I've been tagged by Melissa for an ingenious meme: name five things you've eaten and think that everyone should eat at least once before they die.
The idea of a Foodbloggers' Guide to the Globe is brilliant. Who better to provide a passionate list of must-eats in this world for the people than by the people?
I've thought long and hard about my top five choice. So long, in fact, that I think I'm the last person of Melissa's original five to post their response. The list is already growing exponentially, and it is filled with a real cross-section of food destinations and experiences.
My top five recommendations are all fond personal memories--some I have done only once; others I try to repeat as often as possible. All too often we eat whilst distracted: by conversation, by deadlines, by television, by daydreams. Sometimes, though, an absent-minded mouthful becomes an epiphany, providing a rare moment of clarity when your tastebuds heighten, time seems to stop and the world just makes sense.
Helen's Five Things to Eat Before You Die
1. A raw Sydney Rock oyster, just opened and slurped in shell
Nothing beats a freshly opened oyster, particularly the Sydney Rock variety. As you slowly prise open its stubborn shell, the smell of the sea will waft towards you, engulfing you in a haze of briney allure. The oyster will be plump and shiny, its taste will be blissfully salty, sweet and reminiscent of the sea.
2. Fish and chips at Bondi Beach, Sydney
We are lucky to be blessed with pristine beaches in Australia and Bondi Beach, Sydney, is the epitomy of the Down Under experience. The views are glorious, and no seaside experience can be complete without digging into a takeaway package of fish and chips wrapped up in butchers paper. The fish will be coated in a light airy beer batter, fried to a pale golden tan; twice-fried chips will be crunchy on the outside, pale and fluffy within. There's salt on your fingers, salt spray on your skin, the crash of waves straight ahead and sunshine warming your toes. Bliss.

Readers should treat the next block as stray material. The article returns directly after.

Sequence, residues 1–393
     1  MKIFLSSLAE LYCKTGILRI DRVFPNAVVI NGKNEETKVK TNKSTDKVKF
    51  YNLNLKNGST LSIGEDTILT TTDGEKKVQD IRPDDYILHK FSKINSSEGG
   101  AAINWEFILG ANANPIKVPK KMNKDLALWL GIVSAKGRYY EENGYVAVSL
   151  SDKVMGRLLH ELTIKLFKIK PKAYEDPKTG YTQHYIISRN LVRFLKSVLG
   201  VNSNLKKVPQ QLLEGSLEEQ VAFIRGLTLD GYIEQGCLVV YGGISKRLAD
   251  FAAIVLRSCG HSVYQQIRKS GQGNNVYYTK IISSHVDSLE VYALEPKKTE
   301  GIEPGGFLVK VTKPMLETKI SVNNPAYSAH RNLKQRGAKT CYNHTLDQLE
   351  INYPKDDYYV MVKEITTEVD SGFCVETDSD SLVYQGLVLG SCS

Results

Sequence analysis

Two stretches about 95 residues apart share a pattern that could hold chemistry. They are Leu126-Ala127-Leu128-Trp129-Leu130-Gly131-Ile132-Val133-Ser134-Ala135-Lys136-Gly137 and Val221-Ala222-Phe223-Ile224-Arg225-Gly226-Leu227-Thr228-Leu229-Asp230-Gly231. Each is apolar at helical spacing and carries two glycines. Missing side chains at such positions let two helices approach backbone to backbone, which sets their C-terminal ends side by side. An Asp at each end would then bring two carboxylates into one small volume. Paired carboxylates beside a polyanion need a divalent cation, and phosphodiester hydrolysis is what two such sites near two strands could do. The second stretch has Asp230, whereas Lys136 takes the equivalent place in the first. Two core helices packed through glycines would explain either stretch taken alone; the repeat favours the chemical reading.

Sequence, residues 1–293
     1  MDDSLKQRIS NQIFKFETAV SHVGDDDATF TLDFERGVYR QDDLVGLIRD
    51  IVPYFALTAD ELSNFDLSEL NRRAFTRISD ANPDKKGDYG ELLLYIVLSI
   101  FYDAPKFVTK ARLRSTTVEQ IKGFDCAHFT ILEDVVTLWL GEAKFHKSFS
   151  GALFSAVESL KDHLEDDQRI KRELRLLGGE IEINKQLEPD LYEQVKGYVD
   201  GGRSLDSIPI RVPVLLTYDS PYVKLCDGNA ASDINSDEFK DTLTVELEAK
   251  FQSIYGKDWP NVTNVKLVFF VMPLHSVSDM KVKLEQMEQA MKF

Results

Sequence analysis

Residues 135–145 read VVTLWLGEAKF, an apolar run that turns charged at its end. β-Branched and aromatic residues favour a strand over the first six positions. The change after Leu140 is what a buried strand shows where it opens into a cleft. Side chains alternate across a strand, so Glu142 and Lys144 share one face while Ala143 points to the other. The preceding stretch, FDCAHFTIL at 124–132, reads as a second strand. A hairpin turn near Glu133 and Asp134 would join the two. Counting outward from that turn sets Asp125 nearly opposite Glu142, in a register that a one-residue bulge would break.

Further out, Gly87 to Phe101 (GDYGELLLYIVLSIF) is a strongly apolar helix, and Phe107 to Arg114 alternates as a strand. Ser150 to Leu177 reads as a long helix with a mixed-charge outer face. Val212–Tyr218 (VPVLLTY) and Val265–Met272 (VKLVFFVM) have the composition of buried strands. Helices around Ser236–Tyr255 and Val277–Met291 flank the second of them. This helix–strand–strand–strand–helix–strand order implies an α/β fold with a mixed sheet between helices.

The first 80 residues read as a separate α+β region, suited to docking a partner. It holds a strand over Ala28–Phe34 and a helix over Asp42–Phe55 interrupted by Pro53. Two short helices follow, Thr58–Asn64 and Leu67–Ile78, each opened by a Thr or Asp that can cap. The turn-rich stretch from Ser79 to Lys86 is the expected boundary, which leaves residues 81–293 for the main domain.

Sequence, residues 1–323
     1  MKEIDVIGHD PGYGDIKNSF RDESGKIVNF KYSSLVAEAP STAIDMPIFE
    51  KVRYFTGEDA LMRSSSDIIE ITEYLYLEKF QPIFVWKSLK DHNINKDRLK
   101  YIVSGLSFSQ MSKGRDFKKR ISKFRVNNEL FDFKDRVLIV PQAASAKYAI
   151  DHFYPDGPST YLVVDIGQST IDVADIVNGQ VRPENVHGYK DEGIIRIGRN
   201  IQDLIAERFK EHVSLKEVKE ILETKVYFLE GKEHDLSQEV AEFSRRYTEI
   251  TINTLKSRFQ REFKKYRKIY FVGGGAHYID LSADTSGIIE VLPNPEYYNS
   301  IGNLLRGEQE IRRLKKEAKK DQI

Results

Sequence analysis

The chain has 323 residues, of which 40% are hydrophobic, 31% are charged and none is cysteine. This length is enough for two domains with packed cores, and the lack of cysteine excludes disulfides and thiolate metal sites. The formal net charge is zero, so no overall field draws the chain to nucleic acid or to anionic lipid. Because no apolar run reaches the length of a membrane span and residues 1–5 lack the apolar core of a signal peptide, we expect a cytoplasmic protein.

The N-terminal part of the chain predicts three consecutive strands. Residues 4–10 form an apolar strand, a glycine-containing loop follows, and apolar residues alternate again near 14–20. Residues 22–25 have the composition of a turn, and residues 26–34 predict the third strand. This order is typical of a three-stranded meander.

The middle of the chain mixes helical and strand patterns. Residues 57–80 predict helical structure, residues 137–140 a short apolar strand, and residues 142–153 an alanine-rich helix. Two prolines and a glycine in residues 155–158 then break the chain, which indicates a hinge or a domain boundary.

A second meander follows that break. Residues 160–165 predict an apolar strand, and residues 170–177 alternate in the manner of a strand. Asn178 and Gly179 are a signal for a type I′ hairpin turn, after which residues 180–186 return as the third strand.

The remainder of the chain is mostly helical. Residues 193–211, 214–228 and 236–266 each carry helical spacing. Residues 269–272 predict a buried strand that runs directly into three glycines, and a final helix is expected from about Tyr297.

3. A bowl of noodles eaten whilst standing at a Tokyo railway station
Tokyo tends to assault your senses with its bustling crowds, scrolling neon, giant pachinko parlours and constant high-pitched spruiking. Time is money and so commuters will stop for a quick bowl of ramen at noodle houses in train station hubs. It's a typical blend of Japanese efficiency without compromising a bar of quality. The noodles are all freshly cooked to order and are incredibly tasty too. Standing next to a businessmen slurping loudly on noodles in unison is an experience everyone must try one time in their life.
4. A mystery meal eaten in pitch darkness with only touch, smell, sound and taste to guide you
Eating in the complete absence of light sounds like a gimmick, but for anyone who takes their food seriously, it's a huge wake-up call on how much you really do eat with your eyes. How finely attuned are your tastebuds? How much do you rely on visual whetting of appetite? I learnt a lot, and feel the wiser for it.
5. A freshly baked pasteis de nata from Lisbon, Portugal
The pasteis de nata is the king of custard tarts. Any fan must try the original version from its Portuguese birthplace, Antiga Confeitaria de Belem on the seaside outskirts of Lisbon. The cafe is usually packed with day-tripping families and tourists, but the wait is worth it. A custard tart, still warm from the oven, is all crisp buttery layers of pastry, sweet eggy custard, and caramelised on top with patches of dark bitter brown. Shakers of icing sugar on each table provide optional snow-white dustings. A takeaway order should be mandatory, transported in a white cardboard bonbon and tied with blue ribbon.
5 foodbloggers I tag:
1. Jenjen from Milk and Cookies
2. Jennifer from The Domestic Goddess
3. Nic from Baking Sheet
4. Rebecca from Cucina Rebecca
5. Sam from Becks & Posh
Check out Melissa’s combined list of recommendations here.
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8/25/2006 11:59:00 p.m.